TRIBECA FILM FESTIVAL 2023 REVIEW! Director Mike Tollin’s documentary Rolling Along showcases former U.S. Senator, NBA star, and Presidential candidate Bill Bradley speaking in a one-man retrospective of his life. The man has lived many lives and has filled several seemingly disparate roles. After becoming an accomplished college and professional basketball player, he changed course into Democratic politics and advocated for progressive causes.
As a Senator, he slammed his pen down on the table in Congress one time for every blow suffered by Rodney King at the hands of the police. In Bradley’s sports days, there were still “Whites Only” rules, particularly in the South. When traveling, the team refused to split up, so Bradley experienced firsthand what it was like to be oppressed by the “Jim Crow” laws. His pivot to politics had the expected ups and downs, ending with a failed Presidential bid in 2000.
Bradley wrote this oral history of his life and presented it in New York City in December of 2021. Rolling Along is the live theatrical recording of said performance. Tollin interweaves still photos and short clips into the subject’s talk. As films go, even documentaries, this one is slow and quiet. It is literally one man on stage telling his story. He’s engaging and entertaining, but there’s no mic-drop humor or raucous finale. There’s no big reveal.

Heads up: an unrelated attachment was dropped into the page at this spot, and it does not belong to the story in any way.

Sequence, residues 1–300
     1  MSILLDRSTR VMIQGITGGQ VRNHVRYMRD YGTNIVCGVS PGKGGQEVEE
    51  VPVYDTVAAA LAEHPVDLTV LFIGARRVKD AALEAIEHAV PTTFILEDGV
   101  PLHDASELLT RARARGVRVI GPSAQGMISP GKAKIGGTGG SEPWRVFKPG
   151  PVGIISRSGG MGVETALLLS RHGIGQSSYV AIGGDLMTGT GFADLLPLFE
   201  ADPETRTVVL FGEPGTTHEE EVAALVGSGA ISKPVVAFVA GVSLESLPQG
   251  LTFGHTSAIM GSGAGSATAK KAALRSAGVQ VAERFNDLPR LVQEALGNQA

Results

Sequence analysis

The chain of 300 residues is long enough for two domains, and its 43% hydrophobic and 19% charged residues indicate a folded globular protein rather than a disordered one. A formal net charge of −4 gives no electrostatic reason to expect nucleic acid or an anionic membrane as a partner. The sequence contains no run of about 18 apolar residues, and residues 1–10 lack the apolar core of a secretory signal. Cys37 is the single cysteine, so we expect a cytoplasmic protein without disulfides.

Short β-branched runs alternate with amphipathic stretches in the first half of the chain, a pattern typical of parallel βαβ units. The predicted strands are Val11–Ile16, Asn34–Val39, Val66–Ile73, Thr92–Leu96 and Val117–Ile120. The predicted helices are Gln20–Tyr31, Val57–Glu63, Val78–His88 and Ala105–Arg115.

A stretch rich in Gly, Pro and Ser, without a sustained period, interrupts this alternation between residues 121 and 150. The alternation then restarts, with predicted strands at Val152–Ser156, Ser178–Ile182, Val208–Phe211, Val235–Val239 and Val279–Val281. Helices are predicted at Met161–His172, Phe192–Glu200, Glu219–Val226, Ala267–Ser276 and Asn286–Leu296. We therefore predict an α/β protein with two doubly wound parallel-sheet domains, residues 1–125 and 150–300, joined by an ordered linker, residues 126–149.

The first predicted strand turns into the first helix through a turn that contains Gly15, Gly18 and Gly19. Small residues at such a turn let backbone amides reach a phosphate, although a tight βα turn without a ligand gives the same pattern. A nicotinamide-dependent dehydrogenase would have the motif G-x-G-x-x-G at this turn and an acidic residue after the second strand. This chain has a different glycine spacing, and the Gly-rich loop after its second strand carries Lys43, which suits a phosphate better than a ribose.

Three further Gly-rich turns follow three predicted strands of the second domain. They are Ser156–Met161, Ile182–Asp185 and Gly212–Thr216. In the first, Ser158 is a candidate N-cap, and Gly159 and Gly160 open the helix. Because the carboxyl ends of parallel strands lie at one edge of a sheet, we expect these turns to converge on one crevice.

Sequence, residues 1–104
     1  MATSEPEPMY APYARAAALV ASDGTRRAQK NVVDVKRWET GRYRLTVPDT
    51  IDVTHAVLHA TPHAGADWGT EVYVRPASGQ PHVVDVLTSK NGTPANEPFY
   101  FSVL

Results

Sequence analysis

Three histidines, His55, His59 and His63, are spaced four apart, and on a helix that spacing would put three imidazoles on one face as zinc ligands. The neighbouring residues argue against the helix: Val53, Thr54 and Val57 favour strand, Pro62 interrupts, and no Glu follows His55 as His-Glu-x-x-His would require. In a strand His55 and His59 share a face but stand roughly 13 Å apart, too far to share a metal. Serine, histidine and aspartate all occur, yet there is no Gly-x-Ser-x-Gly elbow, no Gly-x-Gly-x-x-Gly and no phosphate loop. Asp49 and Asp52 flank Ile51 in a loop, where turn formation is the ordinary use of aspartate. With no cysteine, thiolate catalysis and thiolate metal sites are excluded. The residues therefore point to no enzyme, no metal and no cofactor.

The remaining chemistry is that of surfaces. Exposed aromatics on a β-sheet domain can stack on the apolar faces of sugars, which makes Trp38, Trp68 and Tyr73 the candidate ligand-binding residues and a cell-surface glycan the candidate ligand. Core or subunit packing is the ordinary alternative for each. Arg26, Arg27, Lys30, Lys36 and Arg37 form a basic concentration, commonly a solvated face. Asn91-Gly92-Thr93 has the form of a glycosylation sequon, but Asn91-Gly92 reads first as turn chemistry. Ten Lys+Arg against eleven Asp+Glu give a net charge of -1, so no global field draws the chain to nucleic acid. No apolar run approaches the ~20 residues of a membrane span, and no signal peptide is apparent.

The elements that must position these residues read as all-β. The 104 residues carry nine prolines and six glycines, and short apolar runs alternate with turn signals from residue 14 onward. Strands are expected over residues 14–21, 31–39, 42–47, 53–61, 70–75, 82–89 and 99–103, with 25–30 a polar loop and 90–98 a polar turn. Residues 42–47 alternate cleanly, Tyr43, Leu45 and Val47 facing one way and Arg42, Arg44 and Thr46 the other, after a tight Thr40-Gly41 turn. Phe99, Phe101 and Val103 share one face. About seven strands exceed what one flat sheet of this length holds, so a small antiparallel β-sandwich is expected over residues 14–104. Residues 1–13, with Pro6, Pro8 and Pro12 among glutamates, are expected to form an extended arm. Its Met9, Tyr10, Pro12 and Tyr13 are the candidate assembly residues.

“…professional basketball player…changed course into Democratic politics…”
Bradley talks candidly about the goals he achieved and his professional and personal failures. It’s a wonderful opportunity afforded a person to recount and explain their life and have that be documented for posterity. One can’t help but wonder how your life would play in summary if given a microphone and 90 minutes on screen. What themes would thread through your experiences? What changes for the better have you made in the world?
What many would now call “wokeness” and “Critical Race Theory,” Bradley still calls by their old names: “compassion for differences” and “Civil Rights.” So-called Critical Race Theory is no more theory than gravity. From the very beginning, racial injustice has been baked into the DNA of this nation. This fact is recorded brilliantly by the ACLU’s Jeffery Robinson in the documentary film Who We Are: A Chronicle of Racism in America.
Rolling Along shows that Bradley has lived with integrity and has walked in the courage of his convictions. History is bound to judge Americans of this period harshly. While a small, vocal, ignorant segment of our society rails against the perceived threat to white supremacy they call “wokeness,” the rest of us have failed to shut that s**t down in a timely and definitive way. The differences now emerging in new forms of expression have always been here but pushed down or shunted off to dark corners by the tyranny of the majority. The torch and pitchfork “anti-woke” crowd insists on a “return” to a society that never existed in the first place.
There are none blameless in this divided dumpster fire of a country that can no longer be considered united. Bradley addresses that in this performance, capping off his life story with a plea for compassion and tolerance. More than that, he sees acceptance as the way. He exhorts us to “Take responsibility for yourself. Respect your fellow human being. Disagree with them honestly and civilly. Enjoy their humanity and never look down on people you don’t understand.” His life is an example to us all. Rolling Along is a compelling memoir as well as a vital document for our times.
"…a compelling memoir as well as a vital document for our times."